As we look toward Twyla Tharp’s 50th Anniversary tour performance on November 3 at Wharton Center, Twyla Tharp’s continued success and passion as a choreographer and dancer 50 years into her career, now at the age of 73, is a true inspiration at any age. Rebecca Ammon, a local adult ballet student, started taking ballet lessons at the age of 65. Here is what she had to say about her journey into dance:
Advanced age is not the end of self-discovery and self-connection, or the end of fun, learning, and joy. In need of exercise and still wistful about my ballet lessons 48 years ago, I saw Senior Ballet classes listed in Connect, the City of East Lansing activities guide, and enrolled in September, at age 65.
The most profound reward of relearning ballet has been the reconnection with a long lost part of myself. By dancing ballet, I’ve been reminded of who I am. Though I never was a “ballerina” per se, ballet was an important part of my childhood identity. Retrieving this familiar, trusted, and joyful part of myself has strengthened my mind and spirit as well as my body. I credit Twyla Tharp for my recognition of this dynamic. During her recent interview with Tavis Smiley, she said, “…work is what we do. It’s how we know who we are…”. Dance is the work of this renowned and revered dancer and choreographer, so perhaps she would also say that dance is how we know who we are.
During the first class, I felt muscle burn and some foot and calf cramping and struggled to even approximate the steps and positions. After class, there came muscle soreness, stiffness, occasional cramping, joint irritation, and overwhelming fatigue. Sleep, acetaminophen, and gentle stretching readied me for the next class!
From the start, I never thought of complaining – most of the eight or so women in my classes are in their 70’s and 80’s! (Read “Regenerate-Scottish Ballet’s dance troupe for the over 60’s” and “Silver Swans”.) We all work hard during the class, doing our best with general cheerfulness and friendliness. From one or another of my classmates, I can see a perfect fifth step, beautiful lines, or airily graceful hands. The teachers assure me that my turnout can improve a lot with time.
Sometimes I become discouraged by discomfort or my inabilities and expectations. Our teachers encourage us, however, and stress that we must attempt and celebrate incremental improvements. Marcia Olds and Jan Fluke patiently teach and lead us through exercises and short routines. They correct our form and positions, showing us how to move in order to prevent injury. They also emphasize that we must stop doing anything that hurts or causes cramps and must never strain ourselves.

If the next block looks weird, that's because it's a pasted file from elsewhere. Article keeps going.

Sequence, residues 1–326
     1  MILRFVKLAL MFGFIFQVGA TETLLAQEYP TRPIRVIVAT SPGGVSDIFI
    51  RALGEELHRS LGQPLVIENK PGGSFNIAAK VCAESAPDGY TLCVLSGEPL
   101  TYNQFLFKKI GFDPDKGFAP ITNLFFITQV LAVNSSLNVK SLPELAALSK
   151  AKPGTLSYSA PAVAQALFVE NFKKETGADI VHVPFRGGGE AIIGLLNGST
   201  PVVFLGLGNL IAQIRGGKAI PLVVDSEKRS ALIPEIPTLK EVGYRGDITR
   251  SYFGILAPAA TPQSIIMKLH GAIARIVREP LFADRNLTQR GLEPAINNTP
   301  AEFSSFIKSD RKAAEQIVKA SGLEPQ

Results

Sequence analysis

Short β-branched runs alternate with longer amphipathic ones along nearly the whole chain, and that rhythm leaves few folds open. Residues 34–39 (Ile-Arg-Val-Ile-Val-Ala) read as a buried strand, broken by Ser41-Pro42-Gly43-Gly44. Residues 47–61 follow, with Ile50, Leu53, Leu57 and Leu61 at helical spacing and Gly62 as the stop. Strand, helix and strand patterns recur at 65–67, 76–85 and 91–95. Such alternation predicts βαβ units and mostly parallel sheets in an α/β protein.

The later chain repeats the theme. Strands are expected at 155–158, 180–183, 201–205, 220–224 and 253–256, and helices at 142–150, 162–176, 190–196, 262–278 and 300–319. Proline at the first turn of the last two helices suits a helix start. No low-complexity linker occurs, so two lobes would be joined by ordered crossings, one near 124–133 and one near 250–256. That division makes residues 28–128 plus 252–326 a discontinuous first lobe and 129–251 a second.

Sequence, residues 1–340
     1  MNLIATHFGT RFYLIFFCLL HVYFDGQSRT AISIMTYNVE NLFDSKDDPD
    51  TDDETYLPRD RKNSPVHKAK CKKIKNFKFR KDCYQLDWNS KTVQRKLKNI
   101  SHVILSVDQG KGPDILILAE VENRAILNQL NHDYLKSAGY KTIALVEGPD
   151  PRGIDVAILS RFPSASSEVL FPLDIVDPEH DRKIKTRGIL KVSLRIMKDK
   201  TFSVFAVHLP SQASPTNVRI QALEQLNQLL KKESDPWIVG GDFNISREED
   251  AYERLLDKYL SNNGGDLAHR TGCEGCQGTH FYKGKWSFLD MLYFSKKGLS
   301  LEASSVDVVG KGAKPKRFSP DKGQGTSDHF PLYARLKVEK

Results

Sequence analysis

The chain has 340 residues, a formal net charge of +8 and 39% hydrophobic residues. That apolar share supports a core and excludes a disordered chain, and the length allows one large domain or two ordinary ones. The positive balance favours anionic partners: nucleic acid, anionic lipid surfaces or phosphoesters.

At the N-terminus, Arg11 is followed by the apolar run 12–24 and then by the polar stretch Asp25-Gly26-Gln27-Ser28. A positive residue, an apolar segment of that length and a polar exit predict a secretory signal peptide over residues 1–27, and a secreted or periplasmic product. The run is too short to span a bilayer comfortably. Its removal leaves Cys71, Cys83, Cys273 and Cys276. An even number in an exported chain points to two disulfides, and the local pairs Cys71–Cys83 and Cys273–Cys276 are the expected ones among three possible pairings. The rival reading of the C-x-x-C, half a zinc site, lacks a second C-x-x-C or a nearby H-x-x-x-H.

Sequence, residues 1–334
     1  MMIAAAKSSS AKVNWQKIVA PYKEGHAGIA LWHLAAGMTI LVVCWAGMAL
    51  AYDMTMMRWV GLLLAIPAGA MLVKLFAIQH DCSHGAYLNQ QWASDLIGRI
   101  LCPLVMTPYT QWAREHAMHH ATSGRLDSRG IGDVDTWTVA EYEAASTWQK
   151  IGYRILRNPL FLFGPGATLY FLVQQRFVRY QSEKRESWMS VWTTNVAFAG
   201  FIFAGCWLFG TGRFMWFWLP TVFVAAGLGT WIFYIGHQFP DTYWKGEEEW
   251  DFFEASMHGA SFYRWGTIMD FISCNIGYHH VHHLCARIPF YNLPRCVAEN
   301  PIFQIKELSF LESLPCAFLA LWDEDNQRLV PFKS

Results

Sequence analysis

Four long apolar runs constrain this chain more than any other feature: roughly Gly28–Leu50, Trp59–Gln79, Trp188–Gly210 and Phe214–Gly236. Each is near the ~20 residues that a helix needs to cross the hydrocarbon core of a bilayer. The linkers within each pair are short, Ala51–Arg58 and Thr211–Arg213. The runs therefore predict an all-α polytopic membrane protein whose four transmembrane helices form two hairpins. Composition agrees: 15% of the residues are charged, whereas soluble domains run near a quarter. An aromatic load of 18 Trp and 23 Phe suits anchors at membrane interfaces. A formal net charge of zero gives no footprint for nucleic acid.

With each lesson, the after-hurt has diminished. In fact, my health and condition have greatly improved. My balance is much more sure, my daily back pain has ceased, the occasional numbness in my right arm and leg from a collapsed disc has essentially gone. My posture is straighter, my foot problems fewer, and I feel more strength, energy, and confidence.
It’s never too late to take ballet lessons! Age alone poses no limit on when you can begin or resume dancing. Wherever you live, if there’s a ballet or dance studio nearby and you’re considering taking lessons, chances are you’ll find possibilities for yourself. Do not hesitate to pursue your interest in ballet or healthful living through dance! If ballet is your next adventure, perhaps I’ll see you in class!
Rebecca’s Senior Ballet class is taught by Studio de Danse at the East Lansing Hannah Community Center. Rebecca’s dance teachers are Marcia Olds (517) 333-4430 and Jan Fluke (517) 483-3166, for more information.
Twyla Tharp 50th Anniversary Tour performance takes place Tuesday, November 3 at Wharton Center. Tickets are available at http://www.whartoncenter.com/events/detail/twyla-tharp-dance or by calling the Wharton Center Ticket Office at 1.800.WHARTON. $15 Student Tickets are available.